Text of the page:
Following Strauss’s death, it was hoped that another musician would complete the orchestration. Colbert approached operetta conductor Karl Millöcker first, but he was ill and died later in 1899. It was Bayer who accepted the assignment. Meanwhile, in 1900, a copy of the piano score was submitted to Mahler for future production at the Vienna Opera. Mahler’s appraisal of the score was negative; he even doubted that it had been composed by Strauss. Although he conceded that point when shown the original manuscript, he still didn’t care for the music. Reportedly, Mahler’s response was that he just didn’t like any and all ballet. That probably wasn’t the case, even if he said so. It was known that Mahler was eager to obtain, from St. Petersburg, Tchaikovsky’s The Sleeping Beauty for Vienna. Also, in Vienna, he supported the ideas of his principal designer, Alfred Roller, and dancer Grete Wiesenthal to reform ballet. The official reason Mahler gave for rejecting Cinderella was his budget: a full production as envisioned in the scenario would have been extremely expensive.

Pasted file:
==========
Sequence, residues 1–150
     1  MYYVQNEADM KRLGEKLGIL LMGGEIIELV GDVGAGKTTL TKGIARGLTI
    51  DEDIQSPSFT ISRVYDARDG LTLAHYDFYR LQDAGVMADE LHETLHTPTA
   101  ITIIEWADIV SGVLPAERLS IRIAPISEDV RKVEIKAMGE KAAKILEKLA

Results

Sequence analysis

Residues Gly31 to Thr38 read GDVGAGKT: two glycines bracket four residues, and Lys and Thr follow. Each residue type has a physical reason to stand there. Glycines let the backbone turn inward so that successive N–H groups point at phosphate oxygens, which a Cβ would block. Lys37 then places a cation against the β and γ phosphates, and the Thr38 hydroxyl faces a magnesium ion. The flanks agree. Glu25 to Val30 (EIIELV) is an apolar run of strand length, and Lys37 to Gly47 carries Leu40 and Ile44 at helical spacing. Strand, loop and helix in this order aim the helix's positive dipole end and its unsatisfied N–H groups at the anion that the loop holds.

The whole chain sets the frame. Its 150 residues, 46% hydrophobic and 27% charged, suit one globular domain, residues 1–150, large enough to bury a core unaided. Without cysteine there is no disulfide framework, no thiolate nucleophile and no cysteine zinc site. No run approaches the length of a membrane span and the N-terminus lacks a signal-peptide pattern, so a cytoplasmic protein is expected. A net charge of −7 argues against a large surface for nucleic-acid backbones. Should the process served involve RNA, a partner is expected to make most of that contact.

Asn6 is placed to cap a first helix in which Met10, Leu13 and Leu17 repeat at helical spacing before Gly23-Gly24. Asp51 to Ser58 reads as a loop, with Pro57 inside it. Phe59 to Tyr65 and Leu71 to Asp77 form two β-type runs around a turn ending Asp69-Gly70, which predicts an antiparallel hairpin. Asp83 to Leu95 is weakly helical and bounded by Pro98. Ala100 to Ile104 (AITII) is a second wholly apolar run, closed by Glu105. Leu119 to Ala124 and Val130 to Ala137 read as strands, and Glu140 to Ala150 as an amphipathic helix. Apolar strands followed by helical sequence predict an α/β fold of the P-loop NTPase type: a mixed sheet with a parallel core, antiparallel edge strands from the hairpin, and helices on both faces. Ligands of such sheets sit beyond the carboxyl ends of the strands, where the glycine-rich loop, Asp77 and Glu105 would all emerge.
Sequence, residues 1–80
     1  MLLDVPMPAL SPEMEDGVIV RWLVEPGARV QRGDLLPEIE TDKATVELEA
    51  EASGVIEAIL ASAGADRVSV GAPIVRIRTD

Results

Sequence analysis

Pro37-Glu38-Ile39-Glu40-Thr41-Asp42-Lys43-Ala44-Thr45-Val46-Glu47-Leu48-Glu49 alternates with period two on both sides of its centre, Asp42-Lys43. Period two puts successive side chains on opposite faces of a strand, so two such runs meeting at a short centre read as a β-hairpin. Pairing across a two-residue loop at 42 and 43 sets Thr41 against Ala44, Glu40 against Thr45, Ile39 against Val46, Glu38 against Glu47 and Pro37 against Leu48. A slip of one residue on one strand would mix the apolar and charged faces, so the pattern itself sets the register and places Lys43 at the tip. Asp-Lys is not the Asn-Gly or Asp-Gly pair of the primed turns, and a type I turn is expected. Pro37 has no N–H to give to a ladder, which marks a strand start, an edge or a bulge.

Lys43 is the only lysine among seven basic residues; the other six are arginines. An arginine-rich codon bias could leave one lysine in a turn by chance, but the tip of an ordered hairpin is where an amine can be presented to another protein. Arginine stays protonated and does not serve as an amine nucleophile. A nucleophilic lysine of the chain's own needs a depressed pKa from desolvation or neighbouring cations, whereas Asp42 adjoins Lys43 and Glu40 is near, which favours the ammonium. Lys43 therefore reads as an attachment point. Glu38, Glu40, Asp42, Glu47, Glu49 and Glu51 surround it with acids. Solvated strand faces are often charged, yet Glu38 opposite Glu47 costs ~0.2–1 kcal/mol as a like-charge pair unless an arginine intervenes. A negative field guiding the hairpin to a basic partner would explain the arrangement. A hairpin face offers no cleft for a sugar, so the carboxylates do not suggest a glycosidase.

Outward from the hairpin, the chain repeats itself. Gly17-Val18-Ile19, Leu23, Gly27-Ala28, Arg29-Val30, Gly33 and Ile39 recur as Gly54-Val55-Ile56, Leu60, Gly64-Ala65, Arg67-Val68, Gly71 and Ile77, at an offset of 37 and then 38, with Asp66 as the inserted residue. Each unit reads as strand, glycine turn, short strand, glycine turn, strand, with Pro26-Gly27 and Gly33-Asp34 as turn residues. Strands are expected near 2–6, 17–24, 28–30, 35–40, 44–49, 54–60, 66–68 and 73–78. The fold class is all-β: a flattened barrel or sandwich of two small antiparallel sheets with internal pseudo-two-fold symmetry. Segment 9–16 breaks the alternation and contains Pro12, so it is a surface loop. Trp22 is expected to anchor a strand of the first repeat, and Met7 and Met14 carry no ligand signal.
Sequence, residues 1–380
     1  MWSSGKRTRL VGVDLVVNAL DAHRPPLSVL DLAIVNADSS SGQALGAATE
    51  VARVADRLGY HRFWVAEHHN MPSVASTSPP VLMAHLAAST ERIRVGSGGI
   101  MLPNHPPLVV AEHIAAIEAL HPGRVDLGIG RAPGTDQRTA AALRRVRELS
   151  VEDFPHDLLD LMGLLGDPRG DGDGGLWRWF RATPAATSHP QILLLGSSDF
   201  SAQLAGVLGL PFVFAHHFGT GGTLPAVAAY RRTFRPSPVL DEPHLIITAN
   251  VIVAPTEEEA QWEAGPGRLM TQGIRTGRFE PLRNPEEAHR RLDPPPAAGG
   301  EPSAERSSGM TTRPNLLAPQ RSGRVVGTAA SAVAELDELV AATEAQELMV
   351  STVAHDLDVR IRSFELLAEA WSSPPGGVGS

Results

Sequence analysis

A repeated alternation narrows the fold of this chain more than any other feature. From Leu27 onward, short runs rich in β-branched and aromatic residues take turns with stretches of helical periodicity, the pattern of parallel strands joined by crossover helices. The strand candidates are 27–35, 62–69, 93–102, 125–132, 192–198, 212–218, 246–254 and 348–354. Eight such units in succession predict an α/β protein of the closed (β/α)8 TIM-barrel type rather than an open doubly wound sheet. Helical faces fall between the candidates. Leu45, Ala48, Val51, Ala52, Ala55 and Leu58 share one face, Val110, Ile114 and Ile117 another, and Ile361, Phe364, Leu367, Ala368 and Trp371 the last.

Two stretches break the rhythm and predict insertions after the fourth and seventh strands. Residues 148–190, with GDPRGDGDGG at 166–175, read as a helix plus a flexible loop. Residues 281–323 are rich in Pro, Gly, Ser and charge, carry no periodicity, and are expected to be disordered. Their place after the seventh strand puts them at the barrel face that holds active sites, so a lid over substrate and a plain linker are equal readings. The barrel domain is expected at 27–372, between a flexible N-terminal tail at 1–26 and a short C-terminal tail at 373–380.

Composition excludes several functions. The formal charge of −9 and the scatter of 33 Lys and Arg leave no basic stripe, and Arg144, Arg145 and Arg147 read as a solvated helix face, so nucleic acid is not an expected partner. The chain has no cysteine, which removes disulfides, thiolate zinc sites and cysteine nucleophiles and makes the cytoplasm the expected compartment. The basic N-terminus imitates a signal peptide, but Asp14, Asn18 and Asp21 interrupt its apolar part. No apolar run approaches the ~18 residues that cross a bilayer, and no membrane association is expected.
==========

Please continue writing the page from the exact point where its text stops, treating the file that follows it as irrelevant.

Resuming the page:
In 1901, Berlin’s Royal Opera heard of the Strauss score and asked Wolff-Colbert to come and play it on the piano. The directors and their choreographer, Emil Graeb, liked the music but not the prize-winning scenario. Probably at Herr Colbert’s suggestion, the Viennese ballet scenario writer, Henrich Regel, was asked to do a revision. Berlin also rejected the idea of making the production art nouveau because the Kaiser, who was eager to see the ballet, had taken a dislike to that new style.